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Officials brace for second Trump impeachment trial

Democratic senators on Sunday outlined how the chamber plans to address President Trump's second impeachment trial, while Republican House members criticized the president in the wake of the deadly Capitol riot.

Senate Minority Whip Dick Durbin (D-Ill.) said on CNN's "State of the Union" that he would not whip votes in his caucus during the trial, saying he thought it was too important of an act to apply pressure to members to convict.

"When it comes to an issue of this gravity and constitutional importance, members really have to follow their own conscience," Durbin told CNN's Jake Tapper. "It isn't a matter of saying, 'well, the team has to all vote together.'"

"[I]n terms of arm-twisting, when it comes to impeachment, you just don't do that," he added.

The Senate is set to hold Trump's impeachment trial at a time to officially be determined. The move is unprecedented, both as the first time a president has been impeached twice and the first time a trial has occurred after a president leaves office. While any potential conviction would occur after Trump is no longer president, it would also prevent the president from seeking office again.

Sen. Cory Booker (D-N.J.), appearing on NBC's "Meet the Press," addressed his colleague Sen. Tom Cotton's (R-Ark.) argument that a post-presidency conviction would be unconstitutional.

"We just had a president of the United States try to undermine the peaceful transition of power. Try to challenge a fair and free election, and him and his agents, in the moments before from his son to his lawyer, whipping up a crowd to go attack the Capitol," Booker told NBC's Chuck Todd. "So, I believe fundamentally the Senate has an obligation to act."

"You need the Republican leader to cooperate in terms of time agreements. But I fully expect it to happen as quickly as possible. And I think what else is going to happen is that we're going to be able to do a lot of things at once. I think we should," added Booker. "If we can get the time agreements from our Republican leader, we can actually hold impeachment trials as well as do other urgently critical things like getting key national security personnel confirmed as well."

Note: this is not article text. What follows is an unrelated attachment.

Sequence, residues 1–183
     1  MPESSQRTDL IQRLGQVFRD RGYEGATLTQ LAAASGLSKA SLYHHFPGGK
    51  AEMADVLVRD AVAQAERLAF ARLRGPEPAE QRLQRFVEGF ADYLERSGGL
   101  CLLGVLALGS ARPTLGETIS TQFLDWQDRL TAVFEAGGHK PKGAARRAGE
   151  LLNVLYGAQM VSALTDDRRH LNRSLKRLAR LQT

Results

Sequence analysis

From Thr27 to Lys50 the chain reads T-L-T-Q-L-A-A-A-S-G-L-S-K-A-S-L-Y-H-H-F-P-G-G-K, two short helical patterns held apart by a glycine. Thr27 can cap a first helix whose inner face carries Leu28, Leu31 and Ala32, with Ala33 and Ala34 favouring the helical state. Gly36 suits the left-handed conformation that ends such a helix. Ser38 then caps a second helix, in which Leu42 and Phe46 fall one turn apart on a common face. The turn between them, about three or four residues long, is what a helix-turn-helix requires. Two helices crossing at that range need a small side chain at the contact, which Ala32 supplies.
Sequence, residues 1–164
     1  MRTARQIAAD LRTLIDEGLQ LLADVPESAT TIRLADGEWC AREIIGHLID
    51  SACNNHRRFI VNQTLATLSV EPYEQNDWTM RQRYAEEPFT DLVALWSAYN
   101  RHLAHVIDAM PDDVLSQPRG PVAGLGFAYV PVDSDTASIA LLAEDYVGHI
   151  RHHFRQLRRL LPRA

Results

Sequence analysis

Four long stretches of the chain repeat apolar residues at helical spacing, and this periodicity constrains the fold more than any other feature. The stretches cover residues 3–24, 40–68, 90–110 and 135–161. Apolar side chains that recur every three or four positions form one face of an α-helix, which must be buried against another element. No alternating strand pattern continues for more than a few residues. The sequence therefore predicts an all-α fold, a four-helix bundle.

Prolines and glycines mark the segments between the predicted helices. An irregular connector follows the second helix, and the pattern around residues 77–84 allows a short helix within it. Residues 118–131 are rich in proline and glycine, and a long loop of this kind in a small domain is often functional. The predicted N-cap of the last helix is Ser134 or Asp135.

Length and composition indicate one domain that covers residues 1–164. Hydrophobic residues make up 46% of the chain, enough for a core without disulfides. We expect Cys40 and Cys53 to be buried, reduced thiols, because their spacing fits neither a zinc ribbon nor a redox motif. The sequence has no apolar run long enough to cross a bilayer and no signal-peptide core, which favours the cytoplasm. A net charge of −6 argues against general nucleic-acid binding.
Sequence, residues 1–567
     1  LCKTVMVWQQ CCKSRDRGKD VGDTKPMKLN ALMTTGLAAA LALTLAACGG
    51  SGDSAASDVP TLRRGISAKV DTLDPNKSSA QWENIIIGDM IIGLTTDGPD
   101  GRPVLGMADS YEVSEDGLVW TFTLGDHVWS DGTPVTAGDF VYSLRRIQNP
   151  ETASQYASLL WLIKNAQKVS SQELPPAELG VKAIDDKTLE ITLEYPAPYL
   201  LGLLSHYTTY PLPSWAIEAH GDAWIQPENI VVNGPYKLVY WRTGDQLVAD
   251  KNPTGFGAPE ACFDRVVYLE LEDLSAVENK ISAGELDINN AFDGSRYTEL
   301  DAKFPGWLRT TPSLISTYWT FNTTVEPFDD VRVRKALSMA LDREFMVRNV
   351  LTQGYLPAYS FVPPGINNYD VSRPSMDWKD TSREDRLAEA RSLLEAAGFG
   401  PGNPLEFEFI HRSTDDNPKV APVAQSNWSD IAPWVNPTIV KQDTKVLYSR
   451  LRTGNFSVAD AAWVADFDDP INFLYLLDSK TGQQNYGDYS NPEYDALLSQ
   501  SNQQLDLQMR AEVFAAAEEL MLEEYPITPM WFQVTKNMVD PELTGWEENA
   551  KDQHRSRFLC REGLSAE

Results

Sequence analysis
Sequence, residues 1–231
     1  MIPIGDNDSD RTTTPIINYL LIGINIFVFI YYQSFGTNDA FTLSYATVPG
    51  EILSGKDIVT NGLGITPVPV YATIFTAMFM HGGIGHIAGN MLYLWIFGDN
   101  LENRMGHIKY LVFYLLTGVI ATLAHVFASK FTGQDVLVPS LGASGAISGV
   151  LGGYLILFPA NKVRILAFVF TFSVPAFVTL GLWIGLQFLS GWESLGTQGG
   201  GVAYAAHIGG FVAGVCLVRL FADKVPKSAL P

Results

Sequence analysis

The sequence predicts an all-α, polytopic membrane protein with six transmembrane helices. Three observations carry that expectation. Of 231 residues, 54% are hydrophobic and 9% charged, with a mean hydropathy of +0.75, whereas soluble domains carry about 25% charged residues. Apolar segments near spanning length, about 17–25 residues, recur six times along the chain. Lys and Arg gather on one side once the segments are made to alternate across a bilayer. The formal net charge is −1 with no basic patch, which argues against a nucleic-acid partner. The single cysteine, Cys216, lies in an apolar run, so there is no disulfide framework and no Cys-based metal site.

GOP consultant Karl Rove, meanwhile, suggested that if the president's defense is led by his personal attorney, Rudy Giuliani, the Senate would be more likely to vote to convict.

"I think it's all going to boil down to what the president's defense is," Rove said on "Fox News Sunday," adding "Rudy Giuliani charted a very bad course in the morning papers."

Rep. Peter Meijer (R-Mich.), one of 10 House Republicans to vote to impeach Trump last week, acknowledged that he "very may well have" ended his own political career with the decision.

"But I think it's also important that we have elected leaders who are not thinking solely about what's in their individual self-interest, not what is going to be politically expedient, but what we actually need for the country," he said on ABC's "This Week."

"[T]he president brought some necessary energy. He brought some necessary ideas. He shook the tree. He was a change agent," Meijer told ABC's George Stephanopoulos. "The challenge was that he didn't know when to stop, and he didn't draw a line, and to me, political violence is the line that we must draw."

Rep. Nancy Mace (R-S.C.), meanwhile, said she believed the president had endangered the lives of members of Congress and that, while she did not vote to impeach him, she believed censure would have been appropriate.

"We feared for our lives, many of us that day and our staff. And, as you know, my children were supposed to be up there," she said on "Meet the Press." "And if they had been there like they were supposed to be, I would have been devastated. And so we do need to find a way to hold the president accountable."

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